We waited and chatted, ticking off bloggers, birders, photographers, pals and those for whom I had donned camouflage gear specially to avoid. A bittern flew. I missed it. A nice Short eared Owl gave a view I can get from my back window at home (I know, I'm totally spoilt). Pintails were nice if distant and I never did find the White fronts. Two hours later no GYL but severe back ache. A mate headed off to Hauxley for a reported Grey Phalarope but I decided to stay put for a while then returned to the car and joined BB, RD, ASJ and John on the upper viewpoint and we watched as a murmeration of Starlings grew and grew. Discussion ensued on the numbers involved on which more later.

Then as the birds ducked and dived thirty or more birders ran up the path from the hide to their cars. The special bird was at Hauxley. Bugger. I had the choice and decided the Starlings were more interesting than tearing up for a view of a Greenshank like bird in the dark.

Sunday morning dawned grey and dank but a quick check said the bird was still about so bearing in mind the weather I doubted the bird would move so did a fruitless hour on the Carr looking for the Shrike then headed north. I had a job to look at in Cramlington anyway which is halfway there NOT. Arrived at Hauxley, parked at the south end to avoid the crowds and visited my usual vantage point the Ponteland hide. Very quiet, nobody in site although all the gates and hide windows were open. Off up to the tern hide from whence said bird had been seen early morning. It was clear on entry that it wasn't about. Oh its walked off down to the south pool. Double bugger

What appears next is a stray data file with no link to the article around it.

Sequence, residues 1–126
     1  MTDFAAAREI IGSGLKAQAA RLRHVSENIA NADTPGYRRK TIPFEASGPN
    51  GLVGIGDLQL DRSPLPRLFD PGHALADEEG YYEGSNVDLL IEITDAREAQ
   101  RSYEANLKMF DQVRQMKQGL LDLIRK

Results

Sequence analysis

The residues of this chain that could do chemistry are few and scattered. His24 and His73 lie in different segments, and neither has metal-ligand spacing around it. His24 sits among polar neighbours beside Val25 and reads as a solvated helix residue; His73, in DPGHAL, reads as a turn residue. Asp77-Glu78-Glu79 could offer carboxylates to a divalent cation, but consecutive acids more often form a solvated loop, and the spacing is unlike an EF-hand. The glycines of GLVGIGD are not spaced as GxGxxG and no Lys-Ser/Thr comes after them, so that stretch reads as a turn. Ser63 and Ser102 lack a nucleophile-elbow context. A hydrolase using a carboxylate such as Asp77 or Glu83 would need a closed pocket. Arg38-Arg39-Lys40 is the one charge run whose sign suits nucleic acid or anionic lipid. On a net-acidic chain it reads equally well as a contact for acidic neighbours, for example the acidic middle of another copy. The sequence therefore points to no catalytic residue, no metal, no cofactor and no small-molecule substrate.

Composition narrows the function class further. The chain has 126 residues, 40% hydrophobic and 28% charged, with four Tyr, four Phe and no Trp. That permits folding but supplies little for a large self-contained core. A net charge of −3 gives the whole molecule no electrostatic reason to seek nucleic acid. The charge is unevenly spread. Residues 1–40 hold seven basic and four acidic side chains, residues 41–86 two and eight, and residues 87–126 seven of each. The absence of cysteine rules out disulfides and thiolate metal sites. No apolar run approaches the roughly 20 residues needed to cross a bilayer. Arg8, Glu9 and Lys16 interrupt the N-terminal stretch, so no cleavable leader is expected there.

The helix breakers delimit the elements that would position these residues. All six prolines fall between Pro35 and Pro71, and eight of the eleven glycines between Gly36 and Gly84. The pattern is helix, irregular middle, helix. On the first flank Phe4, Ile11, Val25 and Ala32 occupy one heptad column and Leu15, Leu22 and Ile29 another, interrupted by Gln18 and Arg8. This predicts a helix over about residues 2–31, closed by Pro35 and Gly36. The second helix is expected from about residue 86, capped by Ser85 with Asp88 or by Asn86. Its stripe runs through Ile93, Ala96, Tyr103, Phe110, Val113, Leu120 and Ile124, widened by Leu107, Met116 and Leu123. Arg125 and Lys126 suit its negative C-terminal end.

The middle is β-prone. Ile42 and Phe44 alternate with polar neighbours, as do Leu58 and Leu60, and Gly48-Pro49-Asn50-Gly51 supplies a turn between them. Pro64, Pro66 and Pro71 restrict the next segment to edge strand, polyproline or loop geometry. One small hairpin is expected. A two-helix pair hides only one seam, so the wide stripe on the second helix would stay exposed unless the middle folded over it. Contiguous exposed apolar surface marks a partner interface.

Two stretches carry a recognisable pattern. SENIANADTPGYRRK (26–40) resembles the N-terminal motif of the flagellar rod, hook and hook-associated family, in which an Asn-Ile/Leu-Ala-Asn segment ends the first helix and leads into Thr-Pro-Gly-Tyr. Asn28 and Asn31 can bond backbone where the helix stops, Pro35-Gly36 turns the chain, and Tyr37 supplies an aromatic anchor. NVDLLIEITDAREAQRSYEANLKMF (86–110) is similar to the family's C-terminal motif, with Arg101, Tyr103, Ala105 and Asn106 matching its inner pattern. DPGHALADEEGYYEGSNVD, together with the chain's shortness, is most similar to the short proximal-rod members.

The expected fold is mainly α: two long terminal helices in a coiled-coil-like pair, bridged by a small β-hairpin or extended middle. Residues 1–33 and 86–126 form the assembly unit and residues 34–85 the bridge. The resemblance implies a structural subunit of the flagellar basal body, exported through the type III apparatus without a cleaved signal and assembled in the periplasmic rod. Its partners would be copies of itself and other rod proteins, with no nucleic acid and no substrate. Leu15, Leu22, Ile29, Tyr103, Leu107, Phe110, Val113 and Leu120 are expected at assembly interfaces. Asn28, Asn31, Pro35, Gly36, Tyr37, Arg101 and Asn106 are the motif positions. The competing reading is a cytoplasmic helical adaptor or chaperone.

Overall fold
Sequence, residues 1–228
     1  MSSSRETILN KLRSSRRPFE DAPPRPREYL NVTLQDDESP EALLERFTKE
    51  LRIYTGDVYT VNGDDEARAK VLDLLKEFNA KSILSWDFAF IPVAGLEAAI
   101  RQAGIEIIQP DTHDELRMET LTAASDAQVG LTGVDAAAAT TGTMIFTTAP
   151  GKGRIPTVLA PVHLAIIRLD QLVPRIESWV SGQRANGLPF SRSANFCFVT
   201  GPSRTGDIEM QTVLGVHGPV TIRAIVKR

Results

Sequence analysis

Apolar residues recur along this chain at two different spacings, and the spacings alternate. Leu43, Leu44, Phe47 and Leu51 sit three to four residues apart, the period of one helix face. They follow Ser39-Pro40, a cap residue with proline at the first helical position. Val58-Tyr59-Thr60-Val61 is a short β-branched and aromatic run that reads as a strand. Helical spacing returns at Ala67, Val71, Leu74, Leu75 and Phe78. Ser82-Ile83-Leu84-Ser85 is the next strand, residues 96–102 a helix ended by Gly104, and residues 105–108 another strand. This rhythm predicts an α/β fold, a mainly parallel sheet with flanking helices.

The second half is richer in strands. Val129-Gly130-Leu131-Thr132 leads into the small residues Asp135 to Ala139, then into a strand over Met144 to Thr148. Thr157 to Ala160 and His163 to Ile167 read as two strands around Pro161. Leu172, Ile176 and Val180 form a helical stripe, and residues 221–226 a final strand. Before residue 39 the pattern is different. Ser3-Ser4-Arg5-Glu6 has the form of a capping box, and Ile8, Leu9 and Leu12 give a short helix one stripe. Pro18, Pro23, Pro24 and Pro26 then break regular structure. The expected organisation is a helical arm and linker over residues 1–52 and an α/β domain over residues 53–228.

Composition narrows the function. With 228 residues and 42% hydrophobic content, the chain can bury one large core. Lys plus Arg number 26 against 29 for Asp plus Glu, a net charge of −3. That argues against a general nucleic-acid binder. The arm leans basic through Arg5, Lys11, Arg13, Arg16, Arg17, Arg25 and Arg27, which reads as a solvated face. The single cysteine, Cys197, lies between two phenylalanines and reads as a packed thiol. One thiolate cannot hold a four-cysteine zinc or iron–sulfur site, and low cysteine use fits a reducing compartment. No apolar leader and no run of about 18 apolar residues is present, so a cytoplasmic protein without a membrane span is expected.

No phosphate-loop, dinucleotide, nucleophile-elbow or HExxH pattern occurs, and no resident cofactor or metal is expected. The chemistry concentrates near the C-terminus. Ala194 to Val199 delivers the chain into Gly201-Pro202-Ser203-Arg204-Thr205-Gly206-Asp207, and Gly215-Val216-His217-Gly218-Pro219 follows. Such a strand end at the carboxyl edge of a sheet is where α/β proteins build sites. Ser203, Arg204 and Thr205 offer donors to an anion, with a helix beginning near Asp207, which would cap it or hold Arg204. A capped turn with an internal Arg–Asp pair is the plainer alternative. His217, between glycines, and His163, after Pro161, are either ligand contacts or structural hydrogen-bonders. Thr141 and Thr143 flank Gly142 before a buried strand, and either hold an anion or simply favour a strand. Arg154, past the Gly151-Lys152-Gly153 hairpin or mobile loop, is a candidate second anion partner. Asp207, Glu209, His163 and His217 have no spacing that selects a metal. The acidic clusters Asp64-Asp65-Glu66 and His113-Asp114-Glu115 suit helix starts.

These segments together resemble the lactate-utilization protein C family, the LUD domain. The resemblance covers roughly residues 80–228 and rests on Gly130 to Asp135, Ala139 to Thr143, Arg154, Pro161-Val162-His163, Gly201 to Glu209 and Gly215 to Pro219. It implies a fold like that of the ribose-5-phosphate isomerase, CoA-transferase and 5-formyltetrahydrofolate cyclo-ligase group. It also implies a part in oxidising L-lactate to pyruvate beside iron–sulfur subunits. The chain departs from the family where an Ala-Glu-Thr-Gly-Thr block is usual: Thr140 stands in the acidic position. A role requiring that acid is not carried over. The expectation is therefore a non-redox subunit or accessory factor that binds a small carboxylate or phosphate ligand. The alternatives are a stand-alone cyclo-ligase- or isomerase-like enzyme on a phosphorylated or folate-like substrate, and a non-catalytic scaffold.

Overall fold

Using all my field craft I determined the bird was in sight from the wader hide (everybody was hanging out the windows), then it wasn't (birders looking at nothing in particular) then that it had been found (birders leaving hide rapidly and heading south). Should I? Of course back to the Ponteland hide which is unfortunately only big enough for six seated and six standing assuming the participants are neither fat nor stinky. Being both the aforementioned I set up the scope at the outfall and there on the opposite bank were Grey Phalarope, Redshank (for comparison purposes although a Greenshank would have been better) and Greater Yellowlegs.
Job done. Beat that for a record shot!

Friday, 11 November 2011

Mr & Mrs

Two Great spotted Woodpeckers in my garden today which is a rare occurrence. I've occasionally had an adult followed by a juvenile in breeding season but this was a pair.
Mister hogged the nuts whilst missus stayed up high.

Tends to suggest that birds are paired well before the turn of the year. I've noticed this in Tits too.

The old girl can still be a bit beligerant.

A hard days work